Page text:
Learn About Entrepreneurial Careers

For those who are interested in entrepreneurial careers in the trucking industry, we encourage you to do as much research as you can to help you decide if becoming a trucking industry entrepreneur is the right choice for you.

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1. Owner-Operator
An Owner-Operator is a truck driver who owns their own truck and in some cases, their own trailer. They may or may not own their own operating authority. If they do, this means that they are considered to be their own trucking company. Owner-Operators are small business owners who can earn approximately 75% or more of the revenue from each delivery they make.

2. Fleet Owner
A Fleet owner is an owner-operator who owns multiple trucks. This is someone who has built their small business up from one truck to many. Fleet owners have the ability to spend less time on the road, if they value hometime.

3. Trucking Company Owner
A Trucking Company Owner is someone who has their own authority and owns the trucking company itself. Some Owner-Operators & Fleet Owners are considered Trucking Company Owners, because they own their own authorities. While the Motor Carrier Act of 1980 made it easy to start a trucking company, it takes significant experience to run a successful trucking company. Again, starting in a truck is a good option to learn the business, and some former drivers, JB Hunt, for example, have built extraordinary organizations, 3rd Party Logistics, Brokerages, and Consulting companies.

1. Do Your Research
Before making the decision to become an owner-operator, there are a few areas of the business that you should research. Here's a few areas to help you get started: What's the difference between leasing and purchasing your equipment, what are the different pay structures, what are the different endorsement types and what are the benefits, do you understand the Cost of Operation, and what do you look for in a trucking company?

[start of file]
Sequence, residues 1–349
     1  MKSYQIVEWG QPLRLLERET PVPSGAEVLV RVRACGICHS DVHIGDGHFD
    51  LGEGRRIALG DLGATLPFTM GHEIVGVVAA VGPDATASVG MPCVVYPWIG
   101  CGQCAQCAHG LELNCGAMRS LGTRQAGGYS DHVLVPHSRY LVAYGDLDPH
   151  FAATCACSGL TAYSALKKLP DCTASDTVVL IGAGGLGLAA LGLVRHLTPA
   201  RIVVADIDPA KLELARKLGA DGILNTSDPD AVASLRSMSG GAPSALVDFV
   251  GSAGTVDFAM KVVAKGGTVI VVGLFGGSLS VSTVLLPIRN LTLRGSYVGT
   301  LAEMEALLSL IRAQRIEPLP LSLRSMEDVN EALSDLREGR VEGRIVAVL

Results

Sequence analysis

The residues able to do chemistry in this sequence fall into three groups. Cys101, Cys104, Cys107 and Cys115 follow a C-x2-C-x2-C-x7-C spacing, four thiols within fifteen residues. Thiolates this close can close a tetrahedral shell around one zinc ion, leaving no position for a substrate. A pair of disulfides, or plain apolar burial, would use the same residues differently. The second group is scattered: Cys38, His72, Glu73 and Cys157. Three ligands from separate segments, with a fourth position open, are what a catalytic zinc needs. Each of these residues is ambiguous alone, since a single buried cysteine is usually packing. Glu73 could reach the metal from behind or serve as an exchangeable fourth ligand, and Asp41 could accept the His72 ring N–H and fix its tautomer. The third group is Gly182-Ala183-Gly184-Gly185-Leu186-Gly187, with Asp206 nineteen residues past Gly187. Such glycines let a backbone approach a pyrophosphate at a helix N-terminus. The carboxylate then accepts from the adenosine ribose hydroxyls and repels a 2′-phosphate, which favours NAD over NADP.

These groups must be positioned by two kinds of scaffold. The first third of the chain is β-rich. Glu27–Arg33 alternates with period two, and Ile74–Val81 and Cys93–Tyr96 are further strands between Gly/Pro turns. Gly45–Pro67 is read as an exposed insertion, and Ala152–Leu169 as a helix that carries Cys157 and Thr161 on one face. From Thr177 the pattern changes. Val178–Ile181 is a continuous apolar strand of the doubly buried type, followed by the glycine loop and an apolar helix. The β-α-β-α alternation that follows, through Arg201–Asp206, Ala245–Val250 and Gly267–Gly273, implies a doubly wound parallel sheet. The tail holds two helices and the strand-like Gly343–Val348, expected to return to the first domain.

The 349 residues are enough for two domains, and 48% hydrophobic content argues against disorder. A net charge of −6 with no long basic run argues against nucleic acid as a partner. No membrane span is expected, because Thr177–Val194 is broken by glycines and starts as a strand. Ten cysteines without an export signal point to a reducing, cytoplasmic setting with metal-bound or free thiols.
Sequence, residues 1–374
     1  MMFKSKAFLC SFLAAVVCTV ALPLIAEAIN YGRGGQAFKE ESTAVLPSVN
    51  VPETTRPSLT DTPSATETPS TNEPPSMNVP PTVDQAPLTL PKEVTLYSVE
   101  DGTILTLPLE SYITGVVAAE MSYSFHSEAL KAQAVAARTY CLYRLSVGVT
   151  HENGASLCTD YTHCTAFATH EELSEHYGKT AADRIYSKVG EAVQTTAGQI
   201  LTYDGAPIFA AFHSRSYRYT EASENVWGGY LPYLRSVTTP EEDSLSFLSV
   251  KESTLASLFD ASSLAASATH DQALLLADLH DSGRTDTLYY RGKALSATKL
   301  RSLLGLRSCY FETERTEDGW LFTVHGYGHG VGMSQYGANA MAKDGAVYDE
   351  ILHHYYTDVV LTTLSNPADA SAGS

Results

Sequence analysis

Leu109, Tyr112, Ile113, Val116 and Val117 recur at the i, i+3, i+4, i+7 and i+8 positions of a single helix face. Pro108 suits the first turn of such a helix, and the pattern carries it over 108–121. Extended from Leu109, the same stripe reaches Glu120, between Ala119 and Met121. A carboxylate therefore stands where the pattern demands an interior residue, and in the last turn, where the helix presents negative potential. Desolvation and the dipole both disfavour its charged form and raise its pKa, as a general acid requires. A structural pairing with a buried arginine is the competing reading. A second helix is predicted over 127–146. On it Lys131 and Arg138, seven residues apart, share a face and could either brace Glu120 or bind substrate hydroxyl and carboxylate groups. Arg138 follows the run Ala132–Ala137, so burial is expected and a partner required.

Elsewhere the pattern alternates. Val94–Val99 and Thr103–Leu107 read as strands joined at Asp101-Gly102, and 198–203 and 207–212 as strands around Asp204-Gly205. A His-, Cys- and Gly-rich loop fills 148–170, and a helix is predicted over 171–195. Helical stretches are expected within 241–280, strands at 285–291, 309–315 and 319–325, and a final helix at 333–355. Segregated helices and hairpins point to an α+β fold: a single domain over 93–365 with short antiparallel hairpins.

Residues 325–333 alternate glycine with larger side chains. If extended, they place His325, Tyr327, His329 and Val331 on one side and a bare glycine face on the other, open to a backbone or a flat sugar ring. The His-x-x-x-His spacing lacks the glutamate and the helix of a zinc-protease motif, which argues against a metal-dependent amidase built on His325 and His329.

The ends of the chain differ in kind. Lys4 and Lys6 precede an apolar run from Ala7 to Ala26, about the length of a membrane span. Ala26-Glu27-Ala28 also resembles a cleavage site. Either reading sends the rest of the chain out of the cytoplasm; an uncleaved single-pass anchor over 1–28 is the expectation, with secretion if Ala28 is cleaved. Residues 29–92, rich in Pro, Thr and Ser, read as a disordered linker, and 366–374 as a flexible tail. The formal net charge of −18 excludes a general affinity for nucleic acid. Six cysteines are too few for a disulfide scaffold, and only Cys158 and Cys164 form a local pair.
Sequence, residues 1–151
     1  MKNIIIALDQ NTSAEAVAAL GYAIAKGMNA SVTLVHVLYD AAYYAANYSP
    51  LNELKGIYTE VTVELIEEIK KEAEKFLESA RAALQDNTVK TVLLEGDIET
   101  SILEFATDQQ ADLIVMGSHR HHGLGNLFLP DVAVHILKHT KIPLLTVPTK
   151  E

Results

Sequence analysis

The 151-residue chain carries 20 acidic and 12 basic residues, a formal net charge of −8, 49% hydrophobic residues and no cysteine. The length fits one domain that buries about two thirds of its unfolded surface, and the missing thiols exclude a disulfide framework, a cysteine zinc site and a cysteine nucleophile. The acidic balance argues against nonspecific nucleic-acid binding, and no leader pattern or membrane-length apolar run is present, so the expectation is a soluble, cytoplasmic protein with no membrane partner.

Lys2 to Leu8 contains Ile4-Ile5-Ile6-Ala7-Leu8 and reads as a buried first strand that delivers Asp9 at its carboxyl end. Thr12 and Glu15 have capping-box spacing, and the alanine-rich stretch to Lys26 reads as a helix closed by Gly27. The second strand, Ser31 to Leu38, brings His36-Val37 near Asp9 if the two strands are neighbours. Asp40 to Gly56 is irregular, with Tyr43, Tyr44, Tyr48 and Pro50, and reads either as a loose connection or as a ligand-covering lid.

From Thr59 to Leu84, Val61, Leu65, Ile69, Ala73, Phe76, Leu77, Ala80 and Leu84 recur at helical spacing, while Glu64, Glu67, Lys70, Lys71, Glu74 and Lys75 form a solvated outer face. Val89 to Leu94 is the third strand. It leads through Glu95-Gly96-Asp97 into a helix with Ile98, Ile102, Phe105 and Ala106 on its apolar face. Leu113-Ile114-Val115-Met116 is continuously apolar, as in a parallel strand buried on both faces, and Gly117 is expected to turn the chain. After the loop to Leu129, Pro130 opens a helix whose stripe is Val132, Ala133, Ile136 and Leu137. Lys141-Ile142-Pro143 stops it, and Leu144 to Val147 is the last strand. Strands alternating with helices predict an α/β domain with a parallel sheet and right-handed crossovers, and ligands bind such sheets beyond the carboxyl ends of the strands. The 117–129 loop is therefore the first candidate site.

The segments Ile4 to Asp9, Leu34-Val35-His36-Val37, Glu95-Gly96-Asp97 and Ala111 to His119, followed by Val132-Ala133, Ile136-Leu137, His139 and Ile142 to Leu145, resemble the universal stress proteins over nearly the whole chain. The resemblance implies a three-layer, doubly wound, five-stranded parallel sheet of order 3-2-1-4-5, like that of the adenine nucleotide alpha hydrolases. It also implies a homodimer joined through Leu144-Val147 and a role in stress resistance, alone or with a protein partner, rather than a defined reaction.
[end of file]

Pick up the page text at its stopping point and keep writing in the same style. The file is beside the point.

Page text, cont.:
2. Make the Decision
It is important that you do your research prior to making the transition to become an owner-operator. While many truckers have had very profitable and successful careers as owner-operators, it's important to understand the pros and the cons before making the final decision.

3. Choose Your Carrier
Once you've made the decision, your next step is to choose a trucking company that fits your needs and wants. In addition, make sure they offer the pay and reimbursement structure you feel most comfortable with.

4. Purchase Your Equipment
After you've decided to become an owner-operator, your next step is purchasing your own equipment. Now since you have done your research by this point, you already know that you have two options here. You can purchase your equipment outright or you can lease it and pay a monthly fee. Again, make sure you understand the pros and cons to both, so you can make the right decision for you.

5. Get Your Insurance
Once you've purchased your equipment, it's time to get your insurance. Just like with car insurance, there are different levels of protection. There's the base level of required insurance, which includes Public Liability Insurance. Then there's the level you should probably consider, which includes Cargo Insurance. And then there's the last level which provides extra protection. It's up to you to decide how much is right for you.